What Is the Sex-Positive Movement and How Are Pleasure Products Contributing to It?

Hands-free vibrator Eva II. Photo Courtesy: Dame Products

When it comes to sex toys, the days of the bright pink, phallic, vibrating object as the dominant choice in the market are over. Fortunately, the days of going to a seedy-looking sex shop to buy one of those adult toys and feeling guilty about it are also pretty much done.

"It’s important to have thoughtful well-designed products that are designed for women. The vast majority of what we’ve seen was designed by men at women [...]. They just didn’t really fully embrace the user of these products," says Ti Chang over a Zoom video chat. Chang is co-founder and VP of Design at the sex tech company Crave, which was founded in 2010 after the industrial designer Chang had already launched a line of sex jewelry called INCOQNITO in 2008.

Crave products are sold through the company’s website but also at mainstream retailers like Nordstrom, where they’re available in-store and online.

Dame Products co-founder and CEO, Alexandra Fine, seems to be on the same page as Chang when it comes to the evolution of sex toys. Over email, she tells me about Dame Labs, the research arm of her sex tech company, where customers inform the process of product development — "from the type of stimulation a product provides to where each button is placed," she writes, adding they test their products with real people. "The Dame community is working to humanize a product space that isn’t always speaking to the audience it serves."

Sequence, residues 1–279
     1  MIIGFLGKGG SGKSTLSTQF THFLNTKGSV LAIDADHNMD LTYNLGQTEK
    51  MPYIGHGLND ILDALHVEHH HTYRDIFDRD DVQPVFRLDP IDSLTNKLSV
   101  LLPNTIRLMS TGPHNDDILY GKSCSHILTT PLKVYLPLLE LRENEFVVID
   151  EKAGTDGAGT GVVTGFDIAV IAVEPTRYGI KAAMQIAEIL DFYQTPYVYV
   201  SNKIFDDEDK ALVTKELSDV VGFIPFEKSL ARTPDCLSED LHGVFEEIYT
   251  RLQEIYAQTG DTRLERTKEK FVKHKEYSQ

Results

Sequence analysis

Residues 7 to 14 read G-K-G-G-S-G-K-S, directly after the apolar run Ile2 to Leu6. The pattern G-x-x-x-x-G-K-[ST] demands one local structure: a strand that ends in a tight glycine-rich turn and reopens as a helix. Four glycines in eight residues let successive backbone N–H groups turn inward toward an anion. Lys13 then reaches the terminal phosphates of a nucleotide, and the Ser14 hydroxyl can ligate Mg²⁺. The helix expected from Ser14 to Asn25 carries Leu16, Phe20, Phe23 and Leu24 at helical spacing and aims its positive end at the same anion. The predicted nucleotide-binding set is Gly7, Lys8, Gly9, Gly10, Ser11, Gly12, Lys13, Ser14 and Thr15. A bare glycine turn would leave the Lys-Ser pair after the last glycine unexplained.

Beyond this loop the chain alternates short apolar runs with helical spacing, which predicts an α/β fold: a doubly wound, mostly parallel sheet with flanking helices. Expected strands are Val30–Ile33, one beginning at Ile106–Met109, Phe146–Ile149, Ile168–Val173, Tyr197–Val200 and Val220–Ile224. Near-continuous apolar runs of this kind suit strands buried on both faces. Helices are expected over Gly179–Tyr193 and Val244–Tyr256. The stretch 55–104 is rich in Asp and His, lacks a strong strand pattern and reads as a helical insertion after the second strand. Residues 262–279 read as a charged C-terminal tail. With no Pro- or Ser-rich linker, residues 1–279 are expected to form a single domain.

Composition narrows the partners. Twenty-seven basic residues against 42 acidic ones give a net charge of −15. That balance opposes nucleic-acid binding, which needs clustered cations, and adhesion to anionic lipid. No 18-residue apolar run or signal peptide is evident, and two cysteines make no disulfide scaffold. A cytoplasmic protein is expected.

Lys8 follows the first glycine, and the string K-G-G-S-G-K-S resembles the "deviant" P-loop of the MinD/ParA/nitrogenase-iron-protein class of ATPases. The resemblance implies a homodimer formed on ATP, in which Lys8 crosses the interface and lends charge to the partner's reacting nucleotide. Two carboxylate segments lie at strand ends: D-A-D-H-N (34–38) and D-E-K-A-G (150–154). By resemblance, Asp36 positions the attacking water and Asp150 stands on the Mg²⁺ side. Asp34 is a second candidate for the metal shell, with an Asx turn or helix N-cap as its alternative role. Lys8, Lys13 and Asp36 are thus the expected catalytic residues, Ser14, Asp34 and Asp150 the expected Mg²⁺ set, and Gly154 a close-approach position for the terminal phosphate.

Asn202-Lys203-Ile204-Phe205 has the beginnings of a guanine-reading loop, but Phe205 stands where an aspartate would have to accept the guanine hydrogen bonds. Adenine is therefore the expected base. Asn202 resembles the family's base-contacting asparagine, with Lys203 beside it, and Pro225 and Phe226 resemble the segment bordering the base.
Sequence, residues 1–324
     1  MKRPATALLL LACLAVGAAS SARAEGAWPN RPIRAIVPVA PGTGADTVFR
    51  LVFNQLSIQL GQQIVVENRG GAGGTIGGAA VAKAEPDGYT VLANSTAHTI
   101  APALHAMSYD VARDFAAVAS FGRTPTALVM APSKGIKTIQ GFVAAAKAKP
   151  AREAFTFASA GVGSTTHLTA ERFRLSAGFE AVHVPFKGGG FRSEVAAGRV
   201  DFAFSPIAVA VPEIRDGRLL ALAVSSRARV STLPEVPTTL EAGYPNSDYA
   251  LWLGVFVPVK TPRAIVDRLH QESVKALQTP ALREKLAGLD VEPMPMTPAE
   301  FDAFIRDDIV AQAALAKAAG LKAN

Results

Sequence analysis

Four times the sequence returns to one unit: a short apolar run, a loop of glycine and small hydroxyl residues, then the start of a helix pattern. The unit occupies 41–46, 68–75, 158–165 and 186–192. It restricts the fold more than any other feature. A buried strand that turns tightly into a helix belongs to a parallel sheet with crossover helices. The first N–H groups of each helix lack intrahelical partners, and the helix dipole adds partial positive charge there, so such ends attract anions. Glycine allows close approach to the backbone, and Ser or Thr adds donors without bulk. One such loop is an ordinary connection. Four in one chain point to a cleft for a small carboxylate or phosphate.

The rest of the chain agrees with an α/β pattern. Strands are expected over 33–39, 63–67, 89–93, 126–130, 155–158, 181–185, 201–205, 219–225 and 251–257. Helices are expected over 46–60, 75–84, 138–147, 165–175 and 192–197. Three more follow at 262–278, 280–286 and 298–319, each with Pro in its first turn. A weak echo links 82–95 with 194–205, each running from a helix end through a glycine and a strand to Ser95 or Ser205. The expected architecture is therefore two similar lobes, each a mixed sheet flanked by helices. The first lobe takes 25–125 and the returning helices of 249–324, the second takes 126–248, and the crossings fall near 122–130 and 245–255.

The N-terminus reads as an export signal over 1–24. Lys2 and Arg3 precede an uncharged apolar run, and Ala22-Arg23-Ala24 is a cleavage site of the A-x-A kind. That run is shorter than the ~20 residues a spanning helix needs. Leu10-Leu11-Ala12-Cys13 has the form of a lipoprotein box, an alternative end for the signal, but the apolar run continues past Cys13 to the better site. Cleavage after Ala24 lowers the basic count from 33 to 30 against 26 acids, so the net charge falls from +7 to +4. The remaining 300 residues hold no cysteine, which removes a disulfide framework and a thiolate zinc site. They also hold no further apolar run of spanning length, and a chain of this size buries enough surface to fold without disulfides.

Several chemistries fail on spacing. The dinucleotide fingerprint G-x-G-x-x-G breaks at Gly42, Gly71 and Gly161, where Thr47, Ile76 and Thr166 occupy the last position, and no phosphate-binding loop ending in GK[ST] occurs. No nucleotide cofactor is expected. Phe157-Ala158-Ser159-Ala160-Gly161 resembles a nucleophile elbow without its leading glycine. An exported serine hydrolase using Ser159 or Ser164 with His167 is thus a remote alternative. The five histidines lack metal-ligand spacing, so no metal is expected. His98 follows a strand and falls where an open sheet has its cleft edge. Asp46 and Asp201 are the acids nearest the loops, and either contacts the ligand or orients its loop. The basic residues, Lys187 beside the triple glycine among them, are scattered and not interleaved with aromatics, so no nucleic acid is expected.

Dame, which launched in 2014 and was founded by sexologist Fine and engineer Janet Lieberman, has a team of full-time engineers to ensure their products are based on research and also get all the technological sophistication they need as standard consumer products.

Browse the products by Dame and Crave but also those by other leading sex tech companies — such as Lora DiCarlo, Lelo and Womanizer — and you’ll see a diversity of offerings. And I don’t mean just in terms of the colors you can choose from, but also in the shapes, sizes, materials and functions of the devices. There are waterproof toys, flexing vibrators, hands-free devices, suction stimulators, pleasure products that are designed for solo play and those for use with a partner. There are even small, inconspicuous gadgets ideal to take with you while traveling.

You’ll also see mainly people with vulvas or vulva-owners — terms used by Chang and Fine to describe their users — represented on those companies’ websites. "The sex industry is on an exciting swing from a male-centric vice industry to a female-centric wellness industry," says Fine.

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